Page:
How far gone is too far gone?
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TimB



Joined: 03 Sep 2009
Posts: 43

PostPosted: Mon Jan 26, 2015 11:38 am    Post subject: How far gone is too far gone? Reply with quote

Steam stripped a c. 1910 window sash from my parent's barn over the weekend. The lower rail and lower ends of the stiles are not in terrific shape. I am confident I can repair the lower ends of the stiles with epoxy, following the methods John has described in this forum. Decay on the bottom of the lower rail, where contact is made with the sill, had progressed to the point where the wood lost some of its volume and had begun to check (picture the appearance of charred wood... with checks running at right angles to one another). Now the outer surfaces of the little "islands" between these checks are more or less in plane with the ends of the stiles. In other words, the bottom surface of the lower rail hasn't receded TOO much, despite the decay.

I am now trying to decide how to deal with this. I am tempted to carry out epoxy fills for the checks, leaving the little "islands" untreated. Alternately, I could disassemble the sash and fabricate a replacement for the lower edge of the rail, leaving intact the more difficult-to-replace molded upper surface. Any thoughts? If I tried the first option and it failed, I would not be too heart broken since I will have attempted to save as much original material as possible. But if I am bound to fail, I guess I want to know before investing too much effort.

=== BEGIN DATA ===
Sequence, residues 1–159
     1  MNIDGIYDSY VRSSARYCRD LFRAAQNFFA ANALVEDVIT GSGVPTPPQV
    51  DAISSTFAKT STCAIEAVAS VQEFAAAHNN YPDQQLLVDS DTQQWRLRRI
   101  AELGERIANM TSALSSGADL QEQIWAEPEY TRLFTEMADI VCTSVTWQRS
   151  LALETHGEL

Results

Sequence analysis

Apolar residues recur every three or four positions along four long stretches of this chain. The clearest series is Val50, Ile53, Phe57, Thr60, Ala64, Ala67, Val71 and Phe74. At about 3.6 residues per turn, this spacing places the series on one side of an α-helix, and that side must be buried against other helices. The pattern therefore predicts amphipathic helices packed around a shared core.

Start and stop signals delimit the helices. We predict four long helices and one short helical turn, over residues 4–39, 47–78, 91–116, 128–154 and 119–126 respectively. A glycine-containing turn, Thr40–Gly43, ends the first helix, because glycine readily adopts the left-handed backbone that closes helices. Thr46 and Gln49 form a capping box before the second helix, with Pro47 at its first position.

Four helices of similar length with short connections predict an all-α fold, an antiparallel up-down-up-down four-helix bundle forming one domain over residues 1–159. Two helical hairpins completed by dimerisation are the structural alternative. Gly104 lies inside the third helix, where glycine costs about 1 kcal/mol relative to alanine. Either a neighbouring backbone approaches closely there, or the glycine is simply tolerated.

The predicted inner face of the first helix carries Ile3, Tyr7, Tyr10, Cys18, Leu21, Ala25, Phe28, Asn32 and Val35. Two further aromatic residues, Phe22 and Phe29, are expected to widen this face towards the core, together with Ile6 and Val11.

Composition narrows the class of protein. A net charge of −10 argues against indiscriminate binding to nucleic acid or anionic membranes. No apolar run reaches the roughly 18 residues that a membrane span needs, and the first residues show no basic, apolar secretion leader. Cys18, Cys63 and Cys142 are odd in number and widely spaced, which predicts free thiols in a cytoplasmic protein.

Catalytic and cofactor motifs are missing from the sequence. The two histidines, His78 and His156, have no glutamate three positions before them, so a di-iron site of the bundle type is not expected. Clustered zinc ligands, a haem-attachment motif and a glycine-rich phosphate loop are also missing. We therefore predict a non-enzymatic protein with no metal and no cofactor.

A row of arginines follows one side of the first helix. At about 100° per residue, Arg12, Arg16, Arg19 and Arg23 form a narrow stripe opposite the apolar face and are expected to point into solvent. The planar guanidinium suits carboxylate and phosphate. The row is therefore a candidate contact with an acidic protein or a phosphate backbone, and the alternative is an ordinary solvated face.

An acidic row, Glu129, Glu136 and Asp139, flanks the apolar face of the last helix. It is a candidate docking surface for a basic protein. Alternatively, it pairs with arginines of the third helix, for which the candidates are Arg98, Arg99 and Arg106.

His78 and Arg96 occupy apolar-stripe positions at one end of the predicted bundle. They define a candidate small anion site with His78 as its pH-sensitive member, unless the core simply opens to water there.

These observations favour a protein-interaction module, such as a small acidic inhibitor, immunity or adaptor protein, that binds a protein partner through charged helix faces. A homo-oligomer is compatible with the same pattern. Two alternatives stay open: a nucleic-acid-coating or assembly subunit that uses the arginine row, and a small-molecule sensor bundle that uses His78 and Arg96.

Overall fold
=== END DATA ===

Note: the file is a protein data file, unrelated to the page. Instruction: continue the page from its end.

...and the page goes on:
Thanks,
Tim

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Bruce



Joined: 15 Jan 2013
Posts: 17
Location: Fairfield, CT

PostPosted: Mon Jan 26, 2015 8:13 pm    Post subject: Reply with quote

Hi Tim,

I didn't see any pictures but if they looked anything like my ca. 1926 attic windows I would say they can definitely be saved. They won't be the prettiest, but can be brought back to solid working shape. Mine were in particularly bad shape being neglected in an unfinished attic space with no storm windows and subject to the extreme heat and cold of New England uninsulated attic space. These were dirty, dry rotted, chipped paint and in some parts no paint left at all. The before pics are how they looked when I pulled out of the window. I would be happy to detail all the steps I did to bring them back to life and working condition. Ill try and get a better "finished product" pic.

Bruce







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TimB



Joined: 03 Sep 2009
Posts: 43

PostPosted: Thu Jan 29, 2015 8:51 am    Post subject: Reply with quote

Thank you Bruce, I will certainly save the window no matter what. The ends of the stiles look similar to those in your photos... however, the bottom of the lower rail does not look nearly as good. It is this decay I am deciding how to treat. Luckily, I have several months to work on it and feel no great rush in making decisions.
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